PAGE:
Episomal forms of eukaryote transposable elements are somewhat of a conundrum in that they are characteristically associated with many transposable element systems but are of unknown biological significance [16-30]. Reports of V(D)J signal joints being recombinogenic and capable of reintegrating into the genome of the host suggest that perhaps episomal forms of transposable elements were also capable of reintegration [10,11,13-15].

Hermes and hobo episomes were detected and recovered in this study under a variety of conditions using both bacterial replicon recovery methods (plasmid-rescue) and PCR-based methods. PCR detection of episomal elements depended upon the juxtaposition of the left and right inverted terminal repeats. Integrated hAT elements arranged in tandem could also yield PCR products with a structure and sequence similar to episomes. It is unlikely, however, that such elements were responsible for the PCR products recovered in this study because of the diversity of products recovered. Two elements arranged in tandem are expected to yield an invariant PCR amplification product but such was not the case in this study where episomal forms of the elements were recovered that had varying numbers of nucleotides between the inverted terminal repeats. In M. domestica and transgenic D. melanogaster, 27 and 21 distinct episomal forms of Hermes were detected by PCR, respectively. The copy number of Hermes in each of these species was estimated to be less than ten making it unlikely that chromosomal elements arrayed in tandem were the templates yielding the PCR products recovered in this study [39]. Finally, plasmid rescue experiments that did not involve PCR resulted in the recovery of Hermes episomes with structures identical to those recovered by PCR analysis. Therefore, we found no evidence to support a conclusion other than that the DNA molecules described here were episomes of hobo and Hermes.

Hermes and hobo episomes appear to be abundant products of hAT element excision/transposition reactions under some conditions. hAT elements transpose by a cut-and-paste type mechanism that is initiated by excision of the element from a donor site [40]. The excised element and associated transposase form a synaptic complex that associates with a target molecule and integrates [40]. In interplasmid hobo mobility assays performed in insect embryos, element excision products (empty donor sites) and episomal forms of the element were recovered from the same reactions at frequencies that were not significantly different. Under the conditions used here episome formation occurred readily during hobo movement.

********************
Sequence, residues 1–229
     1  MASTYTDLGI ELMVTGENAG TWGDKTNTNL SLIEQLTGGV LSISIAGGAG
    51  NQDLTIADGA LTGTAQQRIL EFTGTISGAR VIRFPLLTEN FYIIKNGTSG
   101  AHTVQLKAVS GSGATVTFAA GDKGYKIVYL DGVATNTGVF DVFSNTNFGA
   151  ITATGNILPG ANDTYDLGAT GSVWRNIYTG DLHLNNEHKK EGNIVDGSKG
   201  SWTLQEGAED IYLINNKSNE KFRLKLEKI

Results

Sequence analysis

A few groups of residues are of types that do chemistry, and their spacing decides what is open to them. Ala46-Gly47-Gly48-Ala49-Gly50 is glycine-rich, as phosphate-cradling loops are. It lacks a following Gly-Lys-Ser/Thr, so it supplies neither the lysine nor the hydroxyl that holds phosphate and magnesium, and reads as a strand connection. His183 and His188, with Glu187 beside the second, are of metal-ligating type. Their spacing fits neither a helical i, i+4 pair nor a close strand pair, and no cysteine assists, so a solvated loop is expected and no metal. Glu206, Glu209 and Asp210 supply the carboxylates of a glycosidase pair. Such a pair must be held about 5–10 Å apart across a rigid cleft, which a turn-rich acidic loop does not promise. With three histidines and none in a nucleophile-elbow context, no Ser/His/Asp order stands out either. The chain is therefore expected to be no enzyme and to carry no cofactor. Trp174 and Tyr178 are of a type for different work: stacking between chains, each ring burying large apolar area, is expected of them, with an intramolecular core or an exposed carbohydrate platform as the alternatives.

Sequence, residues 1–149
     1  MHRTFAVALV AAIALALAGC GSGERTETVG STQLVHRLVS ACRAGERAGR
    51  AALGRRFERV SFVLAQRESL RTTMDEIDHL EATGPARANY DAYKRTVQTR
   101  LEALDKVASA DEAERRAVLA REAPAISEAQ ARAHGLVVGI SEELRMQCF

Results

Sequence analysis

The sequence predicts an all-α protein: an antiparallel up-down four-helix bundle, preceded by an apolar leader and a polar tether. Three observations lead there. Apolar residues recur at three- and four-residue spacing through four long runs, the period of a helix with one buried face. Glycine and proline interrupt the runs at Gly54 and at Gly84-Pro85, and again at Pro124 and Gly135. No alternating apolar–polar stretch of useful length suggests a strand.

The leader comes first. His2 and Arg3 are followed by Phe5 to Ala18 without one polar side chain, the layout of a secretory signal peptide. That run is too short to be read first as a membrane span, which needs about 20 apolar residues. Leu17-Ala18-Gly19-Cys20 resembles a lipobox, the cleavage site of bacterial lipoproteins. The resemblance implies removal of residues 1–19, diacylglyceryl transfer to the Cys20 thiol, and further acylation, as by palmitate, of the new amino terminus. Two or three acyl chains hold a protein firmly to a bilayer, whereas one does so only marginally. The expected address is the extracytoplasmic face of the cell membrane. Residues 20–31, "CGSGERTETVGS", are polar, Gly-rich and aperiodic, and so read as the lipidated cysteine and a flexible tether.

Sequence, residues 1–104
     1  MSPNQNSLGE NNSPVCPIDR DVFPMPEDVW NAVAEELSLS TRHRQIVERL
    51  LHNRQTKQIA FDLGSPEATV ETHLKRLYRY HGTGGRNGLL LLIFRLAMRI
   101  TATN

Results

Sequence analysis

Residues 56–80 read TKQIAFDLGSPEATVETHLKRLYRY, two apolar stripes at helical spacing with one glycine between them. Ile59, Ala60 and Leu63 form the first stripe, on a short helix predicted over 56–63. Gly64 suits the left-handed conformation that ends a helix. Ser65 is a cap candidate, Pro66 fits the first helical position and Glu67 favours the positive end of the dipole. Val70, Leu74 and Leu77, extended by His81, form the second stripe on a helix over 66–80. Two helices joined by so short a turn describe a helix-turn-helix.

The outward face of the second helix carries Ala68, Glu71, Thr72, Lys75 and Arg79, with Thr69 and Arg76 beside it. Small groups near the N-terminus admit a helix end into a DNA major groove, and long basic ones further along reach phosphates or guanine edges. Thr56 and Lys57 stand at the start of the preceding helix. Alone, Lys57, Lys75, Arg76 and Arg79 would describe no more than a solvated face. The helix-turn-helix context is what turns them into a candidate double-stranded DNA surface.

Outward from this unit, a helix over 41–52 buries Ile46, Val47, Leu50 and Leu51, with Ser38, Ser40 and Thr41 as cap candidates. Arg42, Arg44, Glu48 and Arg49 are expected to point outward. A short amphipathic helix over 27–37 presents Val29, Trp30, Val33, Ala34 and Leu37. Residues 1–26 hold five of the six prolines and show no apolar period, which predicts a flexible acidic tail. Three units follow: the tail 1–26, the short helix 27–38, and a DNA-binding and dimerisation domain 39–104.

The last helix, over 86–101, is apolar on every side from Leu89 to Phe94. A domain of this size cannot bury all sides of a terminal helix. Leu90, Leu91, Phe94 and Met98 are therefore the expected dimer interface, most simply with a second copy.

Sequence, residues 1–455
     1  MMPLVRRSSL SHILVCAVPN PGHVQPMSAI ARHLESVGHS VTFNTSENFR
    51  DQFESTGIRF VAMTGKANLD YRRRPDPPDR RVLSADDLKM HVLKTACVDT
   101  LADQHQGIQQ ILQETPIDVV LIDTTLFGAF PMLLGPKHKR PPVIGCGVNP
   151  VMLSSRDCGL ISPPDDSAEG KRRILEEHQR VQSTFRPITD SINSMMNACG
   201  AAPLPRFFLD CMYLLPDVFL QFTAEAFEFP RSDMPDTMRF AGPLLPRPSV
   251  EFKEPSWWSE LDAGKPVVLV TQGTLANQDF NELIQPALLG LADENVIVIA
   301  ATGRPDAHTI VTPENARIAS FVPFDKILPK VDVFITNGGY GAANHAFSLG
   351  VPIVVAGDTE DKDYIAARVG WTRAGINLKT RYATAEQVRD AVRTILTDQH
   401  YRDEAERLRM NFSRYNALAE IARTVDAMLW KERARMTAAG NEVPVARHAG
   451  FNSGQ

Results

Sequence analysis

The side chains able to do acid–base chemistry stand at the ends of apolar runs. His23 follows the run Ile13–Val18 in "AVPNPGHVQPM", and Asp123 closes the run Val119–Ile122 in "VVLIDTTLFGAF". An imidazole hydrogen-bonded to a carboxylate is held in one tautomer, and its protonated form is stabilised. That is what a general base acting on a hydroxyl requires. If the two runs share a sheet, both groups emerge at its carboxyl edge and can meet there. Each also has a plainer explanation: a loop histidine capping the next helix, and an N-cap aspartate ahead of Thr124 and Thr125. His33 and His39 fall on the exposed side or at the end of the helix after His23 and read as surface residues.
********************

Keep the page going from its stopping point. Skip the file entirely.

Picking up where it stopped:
While episomal forms of hAT elements are prevalent, their structures are very diverse. Very few of the episomal forms of Hermes and hobo were precise end-to-end joints of the inverted terminal repeats although 40%-50% of the episomes recovered in this study contained both copies of the element's terminal sequences. The intercalary DNA between the element's inverted terminal repeats varied in both quantity and sequence with no single form being dominant. While the origin of intercalary DNA in most cases was unknown, in three of the hobo episomes recovered the intercalary DNA appeared clearly related to the inverted terminal repeat sequences of hobo (Table 1). These sequences appear to have arisen following the resolution of terminal hairpin structures prior to the formation of the episome. This is unexpected because hairpin structures are not usually formed at the termini of excised hAT elements but on the ends of the donor sequences instead [9]. These unexpected and unusual intercalary sequences associated with hobo episomes are not explained by our current models of hAT element transposition [9].

The most significant finding of this study is that episomal hAT elements can reintegrate into target DNA molecules resulting in canonical integration events both in vitro and in vivo. Hermes episomes with 0 - 17 bp of intercalary DNA between the terminal inverted repeats could integrate into DNA target molecules in vitro. In these studies precise quantitation of integration activity was not performed however recovery of the events analyzed in this study required extensive screening of target molecules recovered from multiple in vitro transposition reactions. In vivo, the integration of Hermes episomes with 0-37 bp of intercalary DNA separating the terminal inverted repeats was undetectable under the conditions used in these experiments and screening the progeny of a combined 303 fertile G0s. When the amount of intercalary DNA separating the terminal inverted repeats was 80 bp or greater the frequency of integration, in vivo, was comparable to canonical Hermes gene vectors. These data demonstrate that some forms of episomal Hermes elements can efficiently reintegrate. The in vitro integration results with episomal Hermes elements are similar to those reported by Neiditch et al. who reported that RAG recombinase could cleave and transpose signal joints in vitro leading to the integration of signal joint episomes [14]. Overall these data further support the idea that V(D)J recombination and hAT elements may have evolved from a common ancestral transposable element.